The euro-dollar exchange rate has been on a downward spiral for the past nine weeks, reaching its lowest level since June 2023. The main driver behind this bearish trend is the anticipation of the Federal Reserve’s monetary policy meeting this week, which could signal a more hawkish stance than the market expects.
Fed meeting in focus
The Federal Open Market Committee (FOMC) will hold its regular meeting on Wednesday, September 20, 2023, and announce its decision on interest rates and asset purchases. The market consensus is that the Fed will keep its policy unchanged, with the federal funds rate target range at 5.25-5.5% and the monthly pace of bond buying at $120 billion.
However, some analysts and investors are speculating that the Fed could surprise the market with a more hawkish tone, given the strong economic data from the US and the rising inflationary pressures. The Fed could hint at tapering its asset purchases sooner than expected, or revise its projections for inflation and interest rates higher.
If that happens, it could boost the US dollar and send yields higher, putting more pressure on EUR/USD. On the other hand, if the Fed maintains a dovish stance and downplays the inflation risks, it could trigger a relief rally in risk assets and support the euro against the dollar.
EUR/USD technical outlook
EUR/USD has fallen for nine consecutive weeks, a bearish sequence not exceeded since 1997. The pair has broken below several key support levels, such as the 200-day moving average, the 50% Fibonacci retracement of the March-June rally, and the psychological level of 1.08.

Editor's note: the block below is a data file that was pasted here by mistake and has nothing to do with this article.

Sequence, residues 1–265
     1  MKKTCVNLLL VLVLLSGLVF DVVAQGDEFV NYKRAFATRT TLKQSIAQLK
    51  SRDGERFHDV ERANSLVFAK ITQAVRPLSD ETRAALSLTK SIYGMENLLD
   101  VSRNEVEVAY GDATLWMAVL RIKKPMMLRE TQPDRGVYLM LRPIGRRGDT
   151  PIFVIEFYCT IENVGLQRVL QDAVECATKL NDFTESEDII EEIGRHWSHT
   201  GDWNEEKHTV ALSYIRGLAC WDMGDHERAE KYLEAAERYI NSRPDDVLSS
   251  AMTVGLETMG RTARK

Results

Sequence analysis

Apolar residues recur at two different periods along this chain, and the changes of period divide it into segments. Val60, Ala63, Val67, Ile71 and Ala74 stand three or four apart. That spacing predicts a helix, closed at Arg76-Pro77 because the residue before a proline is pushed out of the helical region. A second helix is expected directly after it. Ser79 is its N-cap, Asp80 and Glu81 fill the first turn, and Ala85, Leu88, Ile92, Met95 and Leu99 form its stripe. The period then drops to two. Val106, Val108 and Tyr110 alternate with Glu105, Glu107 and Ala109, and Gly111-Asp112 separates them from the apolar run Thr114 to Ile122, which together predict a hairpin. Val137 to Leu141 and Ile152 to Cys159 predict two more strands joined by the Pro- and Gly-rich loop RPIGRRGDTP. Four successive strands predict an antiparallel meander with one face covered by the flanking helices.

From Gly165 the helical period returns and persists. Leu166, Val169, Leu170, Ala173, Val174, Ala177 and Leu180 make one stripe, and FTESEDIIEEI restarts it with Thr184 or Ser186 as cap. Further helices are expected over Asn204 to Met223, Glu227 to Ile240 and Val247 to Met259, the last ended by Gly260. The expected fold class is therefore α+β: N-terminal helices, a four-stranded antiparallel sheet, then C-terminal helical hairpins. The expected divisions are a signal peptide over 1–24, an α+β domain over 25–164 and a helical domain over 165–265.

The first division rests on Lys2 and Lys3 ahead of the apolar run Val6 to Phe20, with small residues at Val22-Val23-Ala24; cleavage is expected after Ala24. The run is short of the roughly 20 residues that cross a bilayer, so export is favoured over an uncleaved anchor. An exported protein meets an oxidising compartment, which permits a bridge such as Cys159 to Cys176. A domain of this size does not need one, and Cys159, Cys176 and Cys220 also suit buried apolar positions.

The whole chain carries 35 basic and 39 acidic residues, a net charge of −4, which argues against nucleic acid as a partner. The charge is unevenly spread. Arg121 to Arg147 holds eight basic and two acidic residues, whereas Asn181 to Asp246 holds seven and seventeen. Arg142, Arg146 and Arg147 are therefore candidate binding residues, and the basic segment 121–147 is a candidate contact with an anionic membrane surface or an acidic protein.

The pair is now trading around 1.0730, testing a rising trendline that has been in place since March 2023. A decisive break below this trendline could open the door for further losses towards 1.07 and 1.06.
The pair is also oversold on several technical indicators, such as the RSI and the Stochastic oscillator, suggesting that a corrective bounce could be due. However, any recovery is likely to be short-lived and face strong resistance at 1.08 and 1.09.
The fundamental backdrop for EUR/USD is also bearish, as the economic divergence between the US and the eurozone widens. The US economy has been showing robust growth and resilience, despite the challenges posed by the delta variant of Covid-19. The US GDP grew by an annualized rate of 6.6% in the second quarter of 2023, while the unemployment rate fell to 4.8% in August.
The eurozone economy, on the other hand, has been struggling with weak growth and low inflation. The eurozone GDP expanded by only 2% in the second quarter of 2023, while the unemployment rate remained at 7.6% in July. The inflation rate in the eurozone rose to 3% in August, but this was mainly driven by temporary factors such as energy prices and supply bottlenecks.
The monetary policy divergence between the Fed and the European Central Bank (ECB) is also weighing on EUR/USD. The Fed is expected to start tapering its asset purchases by the end of 2023 or early 2024, and possibly raise interest rates by mid-2024. The ECB, however, has signaled that it will keep its policy ultra-loose for longer, as it does not see inflation as a threat to its medium-term target of below but close to 2%.
EUR/USD is facing strong headwinds from both technical and fundamental factors, as well as market sentiment. The pair is likely to remain under pressure until there is a clear shift in the Fed’s outlook or a significant improvement in the eurozone’s economic prospects.
The FOMC meeting this week will be a key event for EUR/USD, as it could provide clues on the Fed’s future policy moves and its assessment of the economic conditions. The market will be closely watching for any changes in the Fed’s statement, projections, and press conference.
EUR/USD traders should also pay attention to other economic data releases from both sides of the Atlantic, such as the US retail sales, industrial production, housing starts, and consumer sentiment reports; and the eurozone consumer confidence, services PMI, and current account reports.